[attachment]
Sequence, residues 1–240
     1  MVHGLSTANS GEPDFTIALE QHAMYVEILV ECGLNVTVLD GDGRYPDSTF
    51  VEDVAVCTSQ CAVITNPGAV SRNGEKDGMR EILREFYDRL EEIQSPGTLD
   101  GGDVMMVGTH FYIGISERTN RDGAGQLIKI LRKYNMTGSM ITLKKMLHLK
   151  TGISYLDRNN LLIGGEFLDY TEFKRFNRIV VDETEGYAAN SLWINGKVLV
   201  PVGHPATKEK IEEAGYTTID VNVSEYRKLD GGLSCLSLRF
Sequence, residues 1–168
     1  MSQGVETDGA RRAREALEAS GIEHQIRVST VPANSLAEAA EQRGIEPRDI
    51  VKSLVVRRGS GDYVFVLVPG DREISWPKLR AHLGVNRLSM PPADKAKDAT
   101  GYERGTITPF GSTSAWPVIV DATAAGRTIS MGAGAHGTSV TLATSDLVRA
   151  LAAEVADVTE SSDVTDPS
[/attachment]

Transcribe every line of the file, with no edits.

Sequence, residues 1–240
     1  MVHGLSTANS GEPDFTIALE QHAMYVEILV ECGLNVTVLD GDGRYPDSTF
    51  VEDVAVCTSQ CAVITNPGAV SRNGEKDGMR EILREFYDRL EEIQSPGTLD
   101  GGDVMMVGTH FYIGISERTN RDGAGQLIKI LRKYNMTGSM ITLKKMLHLK
   151  TGISYLDRNN LLIGGEFLDY TEFKRFNRIV VDETEGYAAN SLWINGKVLV
   201  PVGHPATKEK IEEAGYTTID VNVSEYRKLD GGLSCLSLRF
Sequence, residues 1–168
     1  MSQGVETDGA RRAREALEAS GIEHQIRVST VPANSLAEAA EQRGIEPRDI
    51  VKSLVVRRGS GDYVFVLVPG DREISWPKLR AHLGVNRLSM PPADKAKDAT
   101  GYERGTITPF GSTSAWPVIV DATAAGRTIS MGAGAHGTSV TLATSDLVRA
   151  LAAEVADVTE SSDVTDPS